Relationships between citizens and visitors, citizens and returning
There could be conflict and tension between some citizens and some visitors
for the following reasons:
♦ Visitors are perceived to be enjoying privileges which some residents are
not allowed to enjoy and cannot afford to enjoy in their own country, for
example, access to some beaches, hotels and resort areas. This creates
animosity between visitors and locals.
♦ Some visitors show lack of respect and understanding for local culture;
♦ Visitors can be isolated from the locals in all inclusive hotels;
♦ Visitors are perceived to be wealthy and may be robbed or exploited;
♦ The quality of service which is offered to the visitors is not always
♦ Returning nationals annoy and frustrate residents when they constantly
criticize the standards in their native country by comparing them with
standards in their adopted country;
Attitudes of citizens to tourism
Citizens’ attitudes to tourism may range from indifference to enthusiasm to
alienation. The following factors dictate to the attitude demonstrated by
Effects of tourism on artistic expression and other aspects of traditional
Tourism plays an important role in creating employment for people in the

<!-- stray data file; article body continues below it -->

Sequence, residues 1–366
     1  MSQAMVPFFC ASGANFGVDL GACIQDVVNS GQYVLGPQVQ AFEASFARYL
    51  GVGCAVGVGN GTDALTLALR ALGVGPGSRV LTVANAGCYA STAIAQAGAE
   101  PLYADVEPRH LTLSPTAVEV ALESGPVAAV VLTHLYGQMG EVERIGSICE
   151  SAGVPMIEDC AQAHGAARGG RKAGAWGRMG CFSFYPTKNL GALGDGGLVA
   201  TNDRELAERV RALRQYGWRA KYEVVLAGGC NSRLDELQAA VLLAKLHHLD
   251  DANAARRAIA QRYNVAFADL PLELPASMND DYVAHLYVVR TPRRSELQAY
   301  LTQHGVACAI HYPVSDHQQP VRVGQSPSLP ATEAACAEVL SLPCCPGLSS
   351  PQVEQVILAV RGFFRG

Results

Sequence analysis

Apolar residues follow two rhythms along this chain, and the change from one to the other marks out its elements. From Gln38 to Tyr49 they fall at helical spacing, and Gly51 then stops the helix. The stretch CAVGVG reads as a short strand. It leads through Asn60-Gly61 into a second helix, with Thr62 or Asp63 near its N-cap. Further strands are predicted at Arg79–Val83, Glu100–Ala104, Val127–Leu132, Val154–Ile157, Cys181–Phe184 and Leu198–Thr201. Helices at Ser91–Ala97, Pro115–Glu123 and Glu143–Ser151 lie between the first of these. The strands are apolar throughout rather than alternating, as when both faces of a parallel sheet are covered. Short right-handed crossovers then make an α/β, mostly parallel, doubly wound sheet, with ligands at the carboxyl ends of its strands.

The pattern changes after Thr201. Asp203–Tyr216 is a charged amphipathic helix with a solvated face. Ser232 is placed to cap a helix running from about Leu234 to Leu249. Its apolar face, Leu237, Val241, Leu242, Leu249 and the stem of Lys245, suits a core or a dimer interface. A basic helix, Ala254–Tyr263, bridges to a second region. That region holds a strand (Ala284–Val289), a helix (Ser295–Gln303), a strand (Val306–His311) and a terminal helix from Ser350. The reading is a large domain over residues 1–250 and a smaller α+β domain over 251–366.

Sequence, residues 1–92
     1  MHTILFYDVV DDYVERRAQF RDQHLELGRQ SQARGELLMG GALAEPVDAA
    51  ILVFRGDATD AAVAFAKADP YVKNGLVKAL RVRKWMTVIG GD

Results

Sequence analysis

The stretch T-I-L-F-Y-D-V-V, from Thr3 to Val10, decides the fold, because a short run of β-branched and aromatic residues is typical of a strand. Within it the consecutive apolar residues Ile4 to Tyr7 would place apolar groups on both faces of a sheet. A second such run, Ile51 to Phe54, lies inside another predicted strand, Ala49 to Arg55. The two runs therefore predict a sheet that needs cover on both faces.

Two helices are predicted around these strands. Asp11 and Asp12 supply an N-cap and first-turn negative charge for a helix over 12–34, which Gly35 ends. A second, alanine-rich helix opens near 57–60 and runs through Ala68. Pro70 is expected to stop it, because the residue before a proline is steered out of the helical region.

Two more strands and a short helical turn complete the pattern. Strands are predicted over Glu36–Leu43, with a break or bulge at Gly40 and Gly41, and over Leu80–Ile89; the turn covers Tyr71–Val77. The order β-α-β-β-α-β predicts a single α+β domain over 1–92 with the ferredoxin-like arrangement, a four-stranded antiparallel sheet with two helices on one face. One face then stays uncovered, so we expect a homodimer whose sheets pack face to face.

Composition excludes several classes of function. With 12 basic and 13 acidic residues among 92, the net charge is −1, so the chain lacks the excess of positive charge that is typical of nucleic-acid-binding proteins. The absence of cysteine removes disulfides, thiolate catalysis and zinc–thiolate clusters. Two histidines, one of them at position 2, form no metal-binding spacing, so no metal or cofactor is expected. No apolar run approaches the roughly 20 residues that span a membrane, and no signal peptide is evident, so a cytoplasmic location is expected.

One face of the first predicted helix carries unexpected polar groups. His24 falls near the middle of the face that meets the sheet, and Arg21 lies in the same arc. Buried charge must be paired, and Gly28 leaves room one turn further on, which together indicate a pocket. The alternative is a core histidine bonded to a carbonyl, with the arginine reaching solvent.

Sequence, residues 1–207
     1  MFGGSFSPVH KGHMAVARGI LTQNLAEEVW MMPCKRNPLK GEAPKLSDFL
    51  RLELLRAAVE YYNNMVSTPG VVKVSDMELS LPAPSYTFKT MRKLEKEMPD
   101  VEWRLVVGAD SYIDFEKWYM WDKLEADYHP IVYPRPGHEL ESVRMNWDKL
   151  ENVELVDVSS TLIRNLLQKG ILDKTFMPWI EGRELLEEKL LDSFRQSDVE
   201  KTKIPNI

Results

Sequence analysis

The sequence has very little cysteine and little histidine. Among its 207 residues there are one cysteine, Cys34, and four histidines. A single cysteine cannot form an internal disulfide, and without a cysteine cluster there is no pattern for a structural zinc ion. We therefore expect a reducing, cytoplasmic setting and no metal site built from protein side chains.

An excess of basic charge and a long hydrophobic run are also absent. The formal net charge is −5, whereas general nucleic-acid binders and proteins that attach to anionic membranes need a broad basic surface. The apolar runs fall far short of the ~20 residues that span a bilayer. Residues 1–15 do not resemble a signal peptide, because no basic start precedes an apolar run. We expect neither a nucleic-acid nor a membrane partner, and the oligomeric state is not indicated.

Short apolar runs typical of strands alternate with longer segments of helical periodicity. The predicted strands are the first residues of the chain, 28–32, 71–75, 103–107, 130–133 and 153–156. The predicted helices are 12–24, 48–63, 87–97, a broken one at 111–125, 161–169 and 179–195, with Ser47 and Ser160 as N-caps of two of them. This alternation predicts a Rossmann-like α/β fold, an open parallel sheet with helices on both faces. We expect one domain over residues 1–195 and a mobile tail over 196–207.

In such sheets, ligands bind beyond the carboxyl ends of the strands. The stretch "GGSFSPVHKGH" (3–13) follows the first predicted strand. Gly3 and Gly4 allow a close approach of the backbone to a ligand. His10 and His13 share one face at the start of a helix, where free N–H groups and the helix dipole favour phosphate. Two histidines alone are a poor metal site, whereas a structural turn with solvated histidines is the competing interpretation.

creative and performing arts and the handicraft industry. Tourists usually
purchase souvenirs in the form of paintings, pieces of sculpture and handicraft
items. This demand helps to revitalize the local arts and craft market industry.
Commercialization of local culture – The local craftsmen and artists has
been creating works for purely commercial purposes. The work no longer
reflects their ideas, beliefs, feelings and true creativity. They create things for
sale to the tourists. Performing artists are also guilty of taking serious aspects
of the local culture and presenting it to the tourists for purely entertainment
Government policies which influence the development of tourism
The governments are aware of the benefits to be gained from investing in
tourism; they therefore have developed policies to direct this industry.
Government Polices
Meeting Infrastructure Requirements – Governments finance the
construction of airports/seaports, medical facilities and sewage treatment
systems to accommodate the large volumes of tourists that visits the
Caribbean shores;
Providing a well trained workforce – establishing hospitality institutes with
qualified staff to train nationals for the wide range of jobs available in the
tourism industry;
Addressing environmental concerns – making and passing legislation's
that reduce pollution, protect coral reefs, providing beach controls and
enforcing penalties for illegal dumping.
Addressing social problems – passing legislation's that ensure a safe and